Tenants of Woodside Houses denounced NYCHA for a monthslong cooking gas outage at some apartments as well as other “ongoing” issues with maintenance on Tuesday, Jan. 19.
There are currently six apartments in Woodside Houses that have been without cooking gas since Nov. 5. The outage is attributable to a broken gas cock, according to a NYCHA spokesperson. Residents were given one hot plate to cook with until the gas is fully restored, similar to when tenants at an entire building in Astoria Houses were left without gas for nearly three months.
A group of Woodside Houses tenants and dozens of community members gathered by the management office Tuesday afternoon in a press conference organized by the Justice for All Coalition (JAFC), a grassroots organization based in Astoria and Long Island City.
JFAC said management is not communicating with residents about what caused the outage and when it’ll be fully restored.
“NYCHA [hasn’t] provided any additional support to residents during this time, in the form of assistance with food preparation or rent abatements. Utilities are included in NYCHA tenants’ rents — so this means that tenants are paying for a service they are not using right now,” JFAC wrote in a statement.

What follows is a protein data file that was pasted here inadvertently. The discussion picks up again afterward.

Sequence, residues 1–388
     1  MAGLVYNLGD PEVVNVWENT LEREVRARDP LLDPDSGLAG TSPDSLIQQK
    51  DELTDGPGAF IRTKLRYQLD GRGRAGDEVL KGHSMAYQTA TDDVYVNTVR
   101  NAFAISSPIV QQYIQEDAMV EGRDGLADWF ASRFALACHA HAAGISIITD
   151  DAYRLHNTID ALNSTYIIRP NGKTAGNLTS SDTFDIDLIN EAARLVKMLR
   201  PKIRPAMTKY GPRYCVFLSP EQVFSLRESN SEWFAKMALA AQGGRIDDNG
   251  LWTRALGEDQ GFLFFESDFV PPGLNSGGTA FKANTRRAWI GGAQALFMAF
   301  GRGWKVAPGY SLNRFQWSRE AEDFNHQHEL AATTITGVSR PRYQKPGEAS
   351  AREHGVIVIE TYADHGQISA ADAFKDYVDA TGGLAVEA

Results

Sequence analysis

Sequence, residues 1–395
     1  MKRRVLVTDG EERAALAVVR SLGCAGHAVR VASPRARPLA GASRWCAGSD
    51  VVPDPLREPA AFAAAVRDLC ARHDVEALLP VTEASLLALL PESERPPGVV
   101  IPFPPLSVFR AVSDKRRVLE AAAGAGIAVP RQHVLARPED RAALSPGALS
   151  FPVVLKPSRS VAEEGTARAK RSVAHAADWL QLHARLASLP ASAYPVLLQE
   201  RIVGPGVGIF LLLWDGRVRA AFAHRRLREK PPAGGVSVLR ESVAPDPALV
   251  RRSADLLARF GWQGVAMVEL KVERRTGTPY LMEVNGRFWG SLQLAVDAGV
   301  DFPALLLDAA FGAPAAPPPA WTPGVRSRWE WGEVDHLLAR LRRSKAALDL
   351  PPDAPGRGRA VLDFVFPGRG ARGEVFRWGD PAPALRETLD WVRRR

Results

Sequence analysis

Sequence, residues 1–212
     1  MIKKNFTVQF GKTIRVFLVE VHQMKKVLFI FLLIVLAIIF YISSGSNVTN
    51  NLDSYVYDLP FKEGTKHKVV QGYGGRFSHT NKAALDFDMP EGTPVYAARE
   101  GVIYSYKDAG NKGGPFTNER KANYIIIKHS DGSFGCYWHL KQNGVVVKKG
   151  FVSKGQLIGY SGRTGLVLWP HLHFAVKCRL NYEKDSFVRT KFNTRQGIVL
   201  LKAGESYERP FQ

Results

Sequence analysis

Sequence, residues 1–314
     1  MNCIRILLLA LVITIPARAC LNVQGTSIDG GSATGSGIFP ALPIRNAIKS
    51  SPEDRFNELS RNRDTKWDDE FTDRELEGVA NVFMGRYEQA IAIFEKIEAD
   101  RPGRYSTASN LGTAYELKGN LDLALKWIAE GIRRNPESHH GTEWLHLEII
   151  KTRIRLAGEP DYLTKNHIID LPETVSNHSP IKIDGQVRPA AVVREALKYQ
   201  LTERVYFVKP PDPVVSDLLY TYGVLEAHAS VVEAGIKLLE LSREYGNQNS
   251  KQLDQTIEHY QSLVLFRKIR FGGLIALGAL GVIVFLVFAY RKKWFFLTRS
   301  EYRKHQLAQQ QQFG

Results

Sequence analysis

Tomasine Reyes, the treasurer of Woodside Houses Tenants Association, is one of the tenants without the service.
“This here, is an ongoing situation,” Reyes said. “It doesn’t start with just me, it started before me, and it just doesn’t stop. It’s not just gas, but that’s a major part of it. We got a lot of tenants that are dealing with other repairs that are not being repaired as they should.”
Earlier today, community organizers and tenants of Woodside Houses gathered outside the development’s management office to call on NYCHA to fix the gas outage at some apartments in the complex.
Six apartments have been without gas since November. pic.twitter.com/UZgc2ZxQR4
— Angélica M. Acevedo (@angacevedo15) January 19, 2021